How Much Does a Financial Advisor Cost?
As you plan your financial goals and prepare for retirement, you may end up turning to a financial advisor. But you might wonder how much it will cost. While financial advisors usually charge a flat fee of $1,500 to $2,500 for the creation of a financial plan, the rest of the fees can include a percentage based on your assets, or additional hourly rates. Generally, cost depends on the type of advisor you choose and what you want to do, so it is important to determine what your financial needs are first.
What type of help do you need?
The cost of a financial advisor may be a lot to shoulder, however considering a robo-advisor may actually fit your needs better. Rather than an actual person, robo-advisors are computer-based services that help you manage your investments.
Here are some advantages of a robo-advisor:
- Lower fees than traditional advisors and sometimes no account minimums are required. This is great for those looking to start on their financial goals but are on a tight budget.
- Easy-to-use features and is great for less complicated financial situations. Most also offer the option to communicate with a human for any questions.
Both robo-advisors and traditional advisors provide investment guidance and portfolio management. You can start off with robo-advisors for investing in stocks and then turning to a traditional advisor for further financial planning advice. Both use the “assets under management,” or AUM fee structure.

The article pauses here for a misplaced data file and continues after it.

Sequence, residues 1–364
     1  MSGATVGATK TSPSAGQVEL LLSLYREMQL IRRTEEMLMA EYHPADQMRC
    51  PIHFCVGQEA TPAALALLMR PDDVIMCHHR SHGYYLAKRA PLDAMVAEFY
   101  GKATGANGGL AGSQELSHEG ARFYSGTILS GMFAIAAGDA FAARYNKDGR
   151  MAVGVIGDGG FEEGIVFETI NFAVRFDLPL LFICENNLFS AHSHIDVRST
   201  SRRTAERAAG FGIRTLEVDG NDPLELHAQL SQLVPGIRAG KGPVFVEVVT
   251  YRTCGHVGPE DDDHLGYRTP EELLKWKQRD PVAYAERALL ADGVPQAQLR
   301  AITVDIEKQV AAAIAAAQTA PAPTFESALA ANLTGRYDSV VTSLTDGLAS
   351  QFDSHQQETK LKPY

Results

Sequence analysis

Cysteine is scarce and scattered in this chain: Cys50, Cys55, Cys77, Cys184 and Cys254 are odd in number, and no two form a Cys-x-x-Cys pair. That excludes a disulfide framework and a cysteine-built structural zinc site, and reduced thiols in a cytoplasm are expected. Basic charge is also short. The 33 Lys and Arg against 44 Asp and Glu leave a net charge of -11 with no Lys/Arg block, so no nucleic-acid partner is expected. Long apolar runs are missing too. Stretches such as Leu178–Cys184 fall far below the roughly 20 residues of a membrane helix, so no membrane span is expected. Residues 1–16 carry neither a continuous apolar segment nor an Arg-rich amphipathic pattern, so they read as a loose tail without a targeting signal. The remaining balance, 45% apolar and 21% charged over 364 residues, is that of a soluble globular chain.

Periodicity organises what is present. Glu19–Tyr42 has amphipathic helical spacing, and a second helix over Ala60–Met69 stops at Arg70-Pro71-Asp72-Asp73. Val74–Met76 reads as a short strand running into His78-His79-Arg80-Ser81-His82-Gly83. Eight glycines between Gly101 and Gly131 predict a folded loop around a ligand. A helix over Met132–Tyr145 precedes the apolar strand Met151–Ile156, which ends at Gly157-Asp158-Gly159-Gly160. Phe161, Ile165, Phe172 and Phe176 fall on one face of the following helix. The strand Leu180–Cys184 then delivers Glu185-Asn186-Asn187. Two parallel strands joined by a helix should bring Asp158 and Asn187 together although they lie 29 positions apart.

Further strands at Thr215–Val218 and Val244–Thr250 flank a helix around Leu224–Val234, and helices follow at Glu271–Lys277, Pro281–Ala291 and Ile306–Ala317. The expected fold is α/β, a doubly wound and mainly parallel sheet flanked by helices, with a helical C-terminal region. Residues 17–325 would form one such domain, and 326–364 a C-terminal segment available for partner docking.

“Assets under management” fees
Typical financial advisor cost:
Robo-advisor fees are as low as 0.25% of your balance per year. Many top providers charge 0.50% or less.
Traditional advisors typically charge 1% to 2% of assets under management.
Robo-advisors and traditional advisors charge based on the money they manage for you, and these fees are usually taken from your account monthly or quarterly. One big difference between the two is the minimum required balance. Some traditional advisors may not take clients with less than $250,000 whereas robo-advisors generally do not have a minimum, or requires as little as $500. You may also have to pay a commision to your advisor to buy and sell investments, while robo-advisors frequently waive these charges for you.
Additional financial advisor fees
The AUM fee structure generally applies to managing your investments. If you have other financial needs such as creating a financial plan, you may want to find an advisor who offers a wide range of financial planning services. Again, these extra fees depend on the services you need. Here are some common fee structures that a traditional advisor might use.
Retainer for Services
Typical Charge: Between $2,000 and $7,500 a year
A retainer fee is an upfront cost, either annual or monthly, an advisor charges for comprehensive financial planning. The advisor generally helps create a plan, implement it, and monitoring its progress. The cost you pay relates to how complex your financial planning needs to be.
Typical Charge: $200 to $400 an hour
A set hourly rate for your advisor means that you won’t be charged depending on your asset level. This offers flexibility since you are only paying for what you need. The advisor helps you plan your financial goals, which you then implement on your own.